Back in October 2010, the 2011 National Academy of Engineering meeting hosted a forum on manufacturing. The summary of that forum — Making Things: 21st Century Manufacturing and Design — is now available.
A couple of points from the forum jumped out at me. First, Rodney Brooks of Heartland Robotics stressed the changing nature of the high-tech production of “low-tech” goods. Part of the competitive edge of these products is not necessarily their technological sophistication but their responsiveness to customer demand. That responsiveness is driven by the ability to do short-run production at a nearby facility. As Brooks is quoted saying:
“If you [manufacture low technology products] close to where they are sold, they become fast moving, and you get a lot more innovation happening here in the United States.
The second point was that manufacturing is an integrated system. As the report notes:
Manufacturing is a lot more than what goes on in factories. It includes designing, engineering, sourcing, producing, distributing, marketing, and selling products.
This point was made by Lawrence Burns, former vice president for research and development (R&D) and strategic planning at General Motors, who is quoted saying “We must teach the next generation about manufacturing in this broad context.”
The third point is one I have raised before: the link between design and manufacturing and the importance of design thinking. But design thinking is not about making object look nice — it is about creative solutions. This point was stressed by David Kelley of IDEO and the Stanford design school. Creativity requires what Kelley calls “radical collaboration. As the report states:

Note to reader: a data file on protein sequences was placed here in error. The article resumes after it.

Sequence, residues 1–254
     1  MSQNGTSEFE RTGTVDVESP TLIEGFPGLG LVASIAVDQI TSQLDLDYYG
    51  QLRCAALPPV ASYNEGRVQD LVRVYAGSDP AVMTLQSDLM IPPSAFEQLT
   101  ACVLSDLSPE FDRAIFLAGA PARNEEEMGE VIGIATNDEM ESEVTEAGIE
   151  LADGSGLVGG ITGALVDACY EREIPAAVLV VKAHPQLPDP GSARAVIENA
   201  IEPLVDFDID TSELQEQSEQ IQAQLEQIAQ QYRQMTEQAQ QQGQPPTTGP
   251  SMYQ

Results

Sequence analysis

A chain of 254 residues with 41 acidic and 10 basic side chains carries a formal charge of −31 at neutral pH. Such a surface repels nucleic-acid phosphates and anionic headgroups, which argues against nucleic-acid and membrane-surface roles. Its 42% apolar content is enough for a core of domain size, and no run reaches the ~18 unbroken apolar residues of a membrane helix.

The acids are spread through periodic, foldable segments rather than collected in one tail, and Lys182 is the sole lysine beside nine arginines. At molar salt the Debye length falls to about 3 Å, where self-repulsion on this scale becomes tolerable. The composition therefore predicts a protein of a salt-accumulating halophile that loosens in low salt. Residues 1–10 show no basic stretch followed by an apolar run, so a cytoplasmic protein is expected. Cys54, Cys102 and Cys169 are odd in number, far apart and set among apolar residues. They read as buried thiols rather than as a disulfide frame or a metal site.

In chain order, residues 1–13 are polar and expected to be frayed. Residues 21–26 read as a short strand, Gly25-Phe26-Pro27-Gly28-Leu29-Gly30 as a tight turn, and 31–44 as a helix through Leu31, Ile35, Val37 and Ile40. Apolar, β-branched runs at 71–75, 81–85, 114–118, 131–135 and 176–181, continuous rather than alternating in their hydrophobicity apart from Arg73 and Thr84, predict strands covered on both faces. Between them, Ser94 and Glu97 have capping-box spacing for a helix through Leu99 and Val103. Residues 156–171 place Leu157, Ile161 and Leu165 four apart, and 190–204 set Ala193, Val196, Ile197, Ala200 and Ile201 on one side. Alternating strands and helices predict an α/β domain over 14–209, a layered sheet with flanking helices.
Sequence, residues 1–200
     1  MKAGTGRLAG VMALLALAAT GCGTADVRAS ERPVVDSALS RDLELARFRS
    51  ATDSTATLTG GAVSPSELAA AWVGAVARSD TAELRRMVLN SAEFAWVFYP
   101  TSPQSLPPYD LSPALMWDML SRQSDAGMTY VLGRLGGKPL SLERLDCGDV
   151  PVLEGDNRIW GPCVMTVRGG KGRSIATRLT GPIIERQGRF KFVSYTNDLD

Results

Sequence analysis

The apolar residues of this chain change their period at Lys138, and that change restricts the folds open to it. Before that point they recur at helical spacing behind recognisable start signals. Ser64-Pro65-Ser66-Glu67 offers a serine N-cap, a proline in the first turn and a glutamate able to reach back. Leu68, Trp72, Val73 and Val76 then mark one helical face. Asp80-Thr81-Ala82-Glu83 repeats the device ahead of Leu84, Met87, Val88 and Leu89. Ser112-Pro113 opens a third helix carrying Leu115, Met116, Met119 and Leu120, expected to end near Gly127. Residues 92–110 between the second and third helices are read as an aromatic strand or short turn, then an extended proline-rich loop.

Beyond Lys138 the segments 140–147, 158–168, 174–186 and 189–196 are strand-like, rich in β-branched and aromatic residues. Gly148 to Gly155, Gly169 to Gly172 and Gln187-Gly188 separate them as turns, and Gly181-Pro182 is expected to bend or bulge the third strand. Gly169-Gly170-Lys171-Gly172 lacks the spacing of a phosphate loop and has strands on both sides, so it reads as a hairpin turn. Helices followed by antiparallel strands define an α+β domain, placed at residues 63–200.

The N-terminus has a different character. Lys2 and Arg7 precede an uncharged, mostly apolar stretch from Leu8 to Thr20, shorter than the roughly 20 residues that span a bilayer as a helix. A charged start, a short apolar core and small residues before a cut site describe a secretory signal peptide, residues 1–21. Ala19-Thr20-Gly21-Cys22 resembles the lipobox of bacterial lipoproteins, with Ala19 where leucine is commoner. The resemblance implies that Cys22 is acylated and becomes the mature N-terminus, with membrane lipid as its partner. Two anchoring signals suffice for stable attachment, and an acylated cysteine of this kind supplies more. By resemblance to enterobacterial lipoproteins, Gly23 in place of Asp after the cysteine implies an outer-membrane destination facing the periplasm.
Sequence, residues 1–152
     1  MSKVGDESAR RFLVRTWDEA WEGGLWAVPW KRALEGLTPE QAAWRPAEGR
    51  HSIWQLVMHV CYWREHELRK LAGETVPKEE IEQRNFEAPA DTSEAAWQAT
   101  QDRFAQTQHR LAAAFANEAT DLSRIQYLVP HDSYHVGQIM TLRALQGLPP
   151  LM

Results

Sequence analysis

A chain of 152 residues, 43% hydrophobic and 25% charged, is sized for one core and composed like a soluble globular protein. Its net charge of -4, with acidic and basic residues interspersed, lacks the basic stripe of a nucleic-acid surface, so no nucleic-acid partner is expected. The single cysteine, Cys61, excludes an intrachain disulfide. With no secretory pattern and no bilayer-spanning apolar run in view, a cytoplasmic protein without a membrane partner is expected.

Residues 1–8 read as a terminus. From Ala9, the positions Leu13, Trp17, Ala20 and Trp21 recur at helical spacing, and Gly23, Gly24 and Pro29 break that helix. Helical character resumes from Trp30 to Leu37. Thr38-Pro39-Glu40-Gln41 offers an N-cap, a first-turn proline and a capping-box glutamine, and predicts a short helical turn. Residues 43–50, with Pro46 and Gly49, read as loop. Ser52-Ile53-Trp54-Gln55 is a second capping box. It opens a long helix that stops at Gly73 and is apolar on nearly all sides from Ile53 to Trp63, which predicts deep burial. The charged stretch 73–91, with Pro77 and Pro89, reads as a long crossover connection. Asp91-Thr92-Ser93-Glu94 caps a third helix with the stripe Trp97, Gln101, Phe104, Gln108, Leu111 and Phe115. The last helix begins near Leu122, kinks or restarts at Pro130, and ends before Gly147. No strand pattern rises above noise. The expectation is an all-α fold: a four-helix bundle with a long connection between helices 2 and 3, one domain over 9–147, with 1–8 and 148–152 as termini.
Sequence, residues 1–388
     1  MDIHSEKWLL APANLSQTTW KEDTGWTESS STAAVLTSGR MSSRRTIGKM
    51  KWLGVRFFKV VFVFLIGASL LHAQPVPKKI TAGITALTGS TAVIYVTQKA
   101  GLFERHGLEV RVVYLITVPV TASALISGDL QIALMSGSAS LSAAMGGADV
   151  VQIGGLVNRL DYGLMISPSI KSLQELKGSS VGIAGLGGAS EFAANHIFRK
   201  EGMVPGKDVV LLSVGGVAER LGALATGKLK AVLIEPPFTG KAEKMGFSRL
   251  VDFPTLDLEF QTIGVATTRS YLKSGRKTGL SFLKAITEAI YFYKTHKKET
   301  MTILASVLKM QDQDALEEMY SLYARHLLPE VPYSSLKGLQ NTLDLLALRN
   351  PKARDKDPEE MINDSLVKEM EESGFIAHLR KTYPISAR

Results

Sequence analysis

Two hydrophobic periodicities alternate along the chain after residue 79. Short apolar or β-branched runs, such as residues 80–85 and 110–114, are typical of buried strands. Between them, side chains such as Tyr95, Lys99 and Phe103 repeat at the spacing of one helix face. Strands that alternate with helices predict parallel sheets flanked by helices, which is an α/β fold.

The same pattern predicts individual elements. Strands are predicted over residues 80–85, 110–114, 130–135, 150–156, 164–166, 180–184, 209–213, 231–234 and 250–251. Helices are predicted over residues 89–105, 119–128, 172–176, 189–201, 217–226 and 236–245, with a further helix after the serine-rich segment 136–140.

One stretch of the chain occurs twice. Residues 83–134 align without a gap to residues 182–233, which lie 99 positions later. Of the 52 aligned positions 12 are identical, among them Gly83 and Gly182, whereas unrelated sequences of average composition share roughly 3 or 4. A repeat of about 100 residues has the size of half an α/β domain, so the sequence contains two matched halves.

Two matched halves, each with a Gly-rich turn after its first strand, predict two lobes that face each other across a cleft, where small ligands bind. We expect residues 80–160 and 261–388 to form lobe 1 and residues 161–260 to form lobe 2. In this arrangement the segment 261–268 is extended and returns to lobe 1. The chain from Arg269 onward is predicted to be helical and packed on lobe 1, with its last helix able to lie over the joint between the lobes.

“I’m a mechanical engineering professor,” said Kelley. “Five mechanical engineers as a team do not come up with the same ideas as a team with a business person, an anthropologist, a social scientist, an educator, and a mechanical engineer. . . . Putting that diversity to work is a great thing.”
A next point built upon the earlier point of low-tech products and addressed what I call the high-value fixation. The report summarizes:
To keep value in the United States, the know-how responsible for creating that value needs to exist here. This know-how is not always in high technologies. As Ursula Burns, chairman and CEO, Xerox Corporation, observed, Xerox wants to build things in the United States but is having trouble in the Northeast finding manufacturing engineers. The United States has “lost the low end–the building of the physical gear boxes and things like that.” Once those capabilities are lost to other countries, they can be very hard to get back.
I wish I could say that the forum broke new ground on ideas as to how to confront the policy challenges. They did not – falling back on more R&D (especially for DARPA like activities) and fixing education. But they did raise important points about the future of manufacturing — points we which we need to take to heart and follow up on in crafting our manufacturing strategy.